For a preview of Six Miles Deep: http://www.nfb.ca/film/six_miles_deep/clip/six_miles_deep_clip_1

 

Journey of Nishiyuu – Youth walker/warriors arrive in Ottawa

Click photo for album of photos taken by Ben Powless.

 

Indigenous youth trekking to Ottawa from northern Quebec arrived by the hundreds on Monday, March 25. In mid January, six Cree youth from Whapmagoostui began a 1,600 kilometre “Quest of Wisjinichu-Nishiyuu”, a “Quest for Unity” as part of the burgeoning Idle No More movement. (read full article by Andy Crosby posted on ottawa.mediacoop.ca)

 

Check the official Journey of Nishiyuu website

 

Video of the final leg of the journey (7min)
(ends with speech by David Kawapit on Parliament Hill):

Indigenous Solidarity for Settlers workshops March 19 & 21

Indigenous Solidarity for Settlers

 

Tuesday, March 19 at 6:00pm
University of Ottawa, Jock Turcott University Centre (UCU) room 207 (facebook event)

or

Thursday, March 21 at 6:00pm
McNabb Community Centre, 180 Percy St. (facebook event)

 

Free
Wheelchair Accessible
Contact us in advance regarding ASL
ipsmo@riseup.net – www.ipsmo.org

 

482692_10200650314321052_824841453_n[1]Matt (the facilitator for this workshop) is a white male, a survivor of childhood abuse and police violence, who has lived most of his adult life in poverty.

He has been engaged in indigenous solidarity activism for the past six years, primarily with the Indigenous Peoples` Solidarity Movement of Ottawa (IPSMO) and is also a part of Books to Prisoners Ottawa.

 

The goal of the workshop is to educate non-indigenous people about the importance of indigenous solidarity, to teach people and learn from them about what solidarity means and how to do it, and to work on our decolonial analyses.

1) Case study

Using a popular education exercise that is based in the experiences of the Lubicon Cree we explore what colonization is and, to some extent, how it feels.

2) What is solidarity?

We focus on what solidarity is and how to “do it”. The word solidarity is used a lot, especially in radical organizing, but it is not always easy to define or to do. Put simply we believe that it is essential in solidarity work to “listen, take direction and stick around”.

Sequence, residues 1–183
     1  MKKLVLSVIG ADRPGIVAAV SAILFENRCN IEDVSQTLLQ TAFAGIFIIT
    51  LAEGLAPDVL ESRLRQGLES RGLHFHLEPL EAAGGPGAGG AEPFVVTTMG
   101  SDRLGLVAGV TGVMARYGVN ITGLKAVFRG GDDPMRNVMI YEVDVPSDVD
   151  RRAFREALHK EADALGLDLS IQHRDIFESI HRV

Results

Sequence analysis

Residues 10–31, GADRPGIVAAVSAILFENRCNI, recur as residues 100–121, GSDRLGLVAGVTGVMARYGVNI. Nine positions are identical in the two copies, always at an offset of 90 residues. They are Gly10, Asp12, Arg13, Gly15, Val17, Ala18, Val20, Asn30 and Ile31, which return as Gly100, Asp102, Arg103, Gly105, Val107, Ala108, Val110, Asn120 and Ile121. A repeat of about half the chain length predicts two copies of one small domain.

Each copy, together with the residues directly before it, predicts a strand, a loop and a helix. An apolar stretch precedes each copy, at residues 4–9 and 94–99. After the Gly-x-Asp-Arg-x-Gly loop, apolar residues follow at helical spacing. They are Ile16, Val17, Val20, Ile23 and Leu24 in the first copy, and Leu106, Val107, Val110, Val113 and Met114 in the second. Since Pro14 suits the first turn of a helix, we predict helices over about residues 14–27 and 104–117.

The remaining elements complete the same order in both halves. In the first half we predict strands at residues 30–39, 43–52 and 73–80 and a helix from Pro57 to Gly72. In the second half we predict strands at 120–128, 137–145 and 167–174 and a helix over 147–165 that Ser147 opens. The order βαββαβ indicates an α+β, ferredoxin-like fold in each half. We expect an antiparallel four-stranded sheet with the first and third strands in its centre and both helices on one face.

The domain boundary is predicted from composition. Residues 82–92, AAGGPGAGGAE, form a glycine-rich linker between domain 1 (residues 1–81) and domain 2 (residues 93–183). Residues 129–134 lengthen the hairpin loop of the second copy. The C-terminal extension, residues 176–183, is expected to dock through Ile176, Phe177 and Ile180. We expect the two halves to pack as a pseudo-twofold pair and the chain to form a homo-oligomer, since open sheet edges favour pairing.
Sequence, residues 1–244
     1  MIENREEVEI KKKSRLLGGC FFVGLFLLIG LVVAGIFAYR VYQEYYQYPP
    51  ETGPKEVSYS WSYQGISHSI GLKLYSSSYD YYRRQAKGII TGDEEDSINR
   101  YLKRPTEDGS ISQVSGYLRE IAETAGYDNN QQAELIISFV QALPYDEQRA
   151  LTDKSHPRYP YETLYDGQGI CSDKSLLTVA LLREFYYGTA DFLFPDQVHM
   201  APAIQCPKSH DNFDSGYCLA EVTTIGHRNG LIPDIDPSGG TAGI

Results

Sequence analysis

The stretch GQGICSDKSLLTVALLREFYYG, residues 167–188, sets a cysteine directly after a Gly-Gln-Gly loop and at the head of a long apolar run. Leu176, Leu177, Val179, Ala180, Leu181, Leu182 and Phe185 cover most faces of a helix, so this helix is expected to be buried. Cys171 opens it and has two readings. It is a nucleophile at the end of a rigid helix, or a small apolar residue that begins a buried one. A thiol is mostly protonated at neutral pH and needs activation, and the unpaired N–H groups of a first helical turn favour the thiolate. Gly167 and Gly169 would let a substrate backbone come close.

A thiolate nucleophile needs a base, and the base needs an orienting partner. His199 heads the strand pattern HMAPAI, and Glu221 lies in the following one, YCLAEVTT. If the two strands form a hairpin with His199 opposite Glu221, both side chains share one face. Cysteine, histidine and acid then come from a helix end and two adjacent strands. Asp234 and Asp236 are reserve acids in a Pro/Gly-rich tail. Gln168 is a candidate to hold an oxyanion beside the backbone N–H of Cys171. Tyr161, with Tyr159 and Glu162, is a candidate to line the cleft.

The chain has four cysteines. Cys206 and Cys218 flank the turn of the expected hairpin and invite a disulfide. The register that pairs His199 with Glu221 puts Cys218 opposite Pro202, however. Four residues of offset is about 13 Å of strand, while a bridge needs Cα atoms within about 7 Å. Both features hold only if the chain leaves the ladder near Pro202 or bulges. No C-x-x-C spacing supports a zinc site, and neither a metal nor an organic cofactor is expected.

3) Looking at colonization from an anti-oppressive framework

This part of the workshop focuses on building a theoretical understanding of colonization and oppression. It is based on Andrea Smith’s analysis of the role that Heteropatriarchy and White Supremacy play in colonization, and also examines how colonization has been, and continues to be, imposed through individual, institutional and cultural oppression.Orientation for the IPSM Ottawa

“We are part of a mass movement now”: Algonquins of Barriere Lake Traffic Slowdown on Highway 117 – Jan 16

As part of Idle No More movement, Algonquins of Barriere Lake slow down traffic on Highway 117

Kitganik / Rapid Lake – January 16, 2013

Barriere Lake youth with Banner in Ottawa January 11th, 2013.
Barriere Lake youth with banner in Ottawa January 11th, 2013.

The Algonquins of Barriere Lake will be slowing down traffic on Highway 117 today to draw attention to forestry operations that they oppose on their lands. Joining the chorus of First Nations across the country who are demanding the government honour their agreements with Indigenous peoples, and consult with them on development affecting their lands, Barriere Lake is demanding the implementation of a resource co-management agreement signed in 1991 with Canada and Quebec that continues to be neglected.

Barriere Lake is taking action today to protect the land and watershed for their future generations and for the future of Canadians. Resolute Forestry Products has already clear-cut several ecological sensitive areas of Barriere Lake’s traditional, unceded territory, such as bear dens and moose yards, that the community is trying to protect.

Barriere Lake has never been idle. But today marks the first day of coordinated Indigenous action and unrest until First Nations’ demands in this country are finally met.

Media Contacts:
Norman Matchewan, band councilor: 819-441-8006

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Idle No More pamphlet

idllenomore_pamphletFor printing and distribution to help spread the message of #IdleNoMore

This is a 1-pg double-sided pamphlet (or french version or spanish version), in PDF format, that summarizes key points from the Royal Commission on Aboriginal Peoples (RCAP). The pamphlet is entitled ‘Resetting and Restoring the Relationship between Indigenous Peoples and Canada‘ and is written by Taiaiake Alfred and Tobold Rollo (the original unformated version is here).

The pamphlet also includes graphics and links for the Idle No More movement.

Printing instructions:

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To follow Idle No More online: